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I have some decryption code in python that I need ported to node. I cannot seem to get the decryption right and I am going crazy.

My python code is:

from Crypto.Cipher import AES

mode = AES.MODE_ECB
secret = "9kL8yb/3Tu2czOr5qfiGPgJmx25s+T15"
cipher = AES.new(secret, mode)

DecodeAES = lambda c, e: c.decrypt(e.decode("hex"))
incoming = '813411aa65dcb66802a6e4d5995d8302'

pre_add = DecodeAES(cipher, incoming)
print pre_add

The result of the incoming is 0004a38bc14e7533 which is correct.

I am sorry I am very new to node and javascript.

I need to somehow get the exact same thing working from node.js

I have the following for node so far:

var crypto = require('crypto');


var ciphertext = '813411aa65dcb66802a6e4d5995d8302';
var key = '9kL8yb/3Tu2czOr5qfiGPgJmx25s+T15';
var binkey = new Buffer(key, 'binary');


var decipher = crypto.createDecipher('aes-256-ecb', binkey, '');
decipher.setAutoPadding(auto_padding=true);

var dec = decipher.update(ciphertext, 'hex');
dec += decipher.final();

Another update from my understanding of the docs

Please help I am getting desperate.

Many thanks

Jonny

share|improve this question
    
you realize that your (original, python) code is insecure, right? look at the wikipedia articule for cipher modes, ecb. –  andrew cooke Jul 2 '13 at 23:06
    
The encryption is performed on a micro controller. We didn't have enough memory to use anything better. The encrypted data is tiny and ends up being a single block –  Jonny Flowers Jul 2 '13 at 23:13
    
Don't just say "it doesn't work". Give us some sample data and what you expect the output to be, describe the errors or incorrect results that you get, etc. –  abarnert Jul 2 '13 at 23:28
1  
But meanwhile… given that your Python code is calling e.decode("hex") and you're not doing anything even remotely equivalent in Node, I wouldn't expect it to work out very well… –  abarnert Jul 2 '13 at 23:29
    
added edit with required result and the error is TypeError: error:06065064:digital envelope routines:EVP_DecryptFinal_ex:bad decrypt –  Jonny Flowers Jul 2 '13 at 23:34

1 Answer 1

Nobody is going to just port your Python code to JavaScript. Especially your bizarrely non-Pythonic Python code (why would you ever do foo = lambda blah instead of just def foo(blah)?).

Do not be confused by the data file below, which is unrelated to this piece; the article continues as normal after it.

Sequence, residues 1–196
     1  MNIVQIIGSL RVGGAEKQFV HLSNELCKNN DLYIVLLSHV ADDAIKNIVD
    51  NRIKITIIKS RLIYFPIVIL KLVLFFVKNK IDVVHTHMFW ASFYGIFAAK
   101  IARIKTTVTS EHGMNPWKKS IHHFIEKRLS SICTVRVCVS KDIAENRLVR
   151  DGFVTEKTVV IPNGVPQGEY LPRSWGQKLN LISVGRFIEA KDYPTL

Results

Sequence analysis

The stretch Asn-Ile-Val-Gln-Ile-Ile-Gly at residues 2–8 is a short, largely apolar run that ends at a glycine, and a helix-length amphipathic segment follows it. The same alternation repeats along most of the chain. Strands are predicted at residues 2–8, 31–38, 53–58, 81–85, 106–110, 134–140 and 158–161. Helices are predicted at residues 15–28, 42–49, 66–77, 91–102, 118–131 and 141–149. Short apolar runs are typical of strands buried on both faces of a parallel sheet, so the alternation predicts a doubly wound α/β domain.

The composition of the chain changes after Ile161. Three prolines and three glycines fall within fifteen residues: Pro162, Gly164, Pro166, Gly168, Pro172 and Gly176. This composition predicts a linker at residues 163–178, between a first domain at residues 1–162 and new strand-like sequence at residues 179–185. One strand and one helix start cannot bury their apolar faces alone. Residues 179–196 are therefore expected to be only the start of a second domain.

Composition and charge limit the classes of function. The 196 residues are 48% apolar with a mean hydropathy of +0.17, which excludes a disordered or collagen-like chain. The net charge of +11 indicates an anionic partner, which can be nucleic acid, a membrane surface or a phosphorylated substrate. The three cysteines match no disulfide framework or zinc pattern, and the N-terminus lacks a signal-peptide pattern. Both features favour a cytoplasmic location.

But here's how to get started:

Node.js comes with a module called crypto that is, not too surprisingly, similar in functionality to the PyCrypto module you're using.

The Node module has separate objects for ciphering and deciphering, unlike Python. The function to create a cipher is called crypto.createCipher, and to create a decipher is crypto.createDecipher.

As the documentation says, the objects you get back from those functions are read-write streams. You write encrypted data to the Decipher stream, and read decrypted data.


Meanwhile, this ridiculously silly line of Python code:

DecodeAES = lambda c, e: c.decrypt(e.decode("hex"))

… is probably easier to read if you write it like this:

def DecodeAES(cipher, hexdata):
    bindata = hexdata.decode("hex")
    return cipher.decrypt(bindata)

You may notice that it does two things to the incoming hex data. But your attempted equivalent Node code only does one of those two things. That isn't likely to work.


In your new version of the Node code, you do this:

var BinCipher = new Buffer(ciphertext, 'binary');

That's apparently supposed to do the same thing as the Python:

bindata = hexdata.decode("hex")

It obviously doesn't, because you didn't put the hex anywhere. Try printing it out to see what you get:

> console.log(BinCipher)
<Buffer 65 35 38 31 61 63 62 38 33 30 30 64 64 38 34 31 38 33 33 30 30 39 64 65 36 37 33 36 37 35 39 33>

Clearly, that 65 is the letter e, the 35 is the digit 5, etc. You haven't unhexlified anything. Compare to the Python version:

>>> print repr(bindata)
'\xe5\x81\xac\xb80\r\xd8A\x830\t\xdeg6u\x93'

Here, the first character is \xe5, the next is \x81. That's what you want.

And I'm not even sure why you think you need a Buffer in the first place. If you read the docs I linked to above, they clearly show that you can pass "'binary', 'base64', or 'hex'" input and output encodings straight to the Decipher methods.

share|improve this answer
    
I have been trying that for hours now, I always get bad decrypt errors. I didn't write the original python code. What I have for node so far uses that but I must be missing something. –  Jonny Flowers Jul 2 '13 at 23:01
    
I have changed the python to your suggestion and attempted some changes to the node I have edited the question with the new code. Still getting the bad decrypt error –  Jonny Flowers Jul 2 '13 at 23:50
    
Where did you get that new Buffer(ciphertext, 'binary') from? That doesn't unhexlify your hex data, and I don't understand why you would think it did. And if you did any kind of debugging (e.g., just console.log(BinCipher) in Node and print repr(bindata) in Python) it would be pretty obvious they weren't doing the same thing. You can't write code by just copying and pasting lines from random places that you don't understand. –  abarnert Jul 3 '13 at 0:18
    
How would I convert that hex to binary then? printing the bindata statement from python yields ?4?eܶh??ՙ]? –  Jonny Flowers Jul 3 '13 at 0:30
    
I'll give you a hint: The documentation that I linked to and then quoted from mentions the encodings 'binary', 'base64', and 'hex'. Which one do you think decodes from hex in the same way as the one Python calls 'hex'? –  abarnert Jul 3 '13 at 0:37

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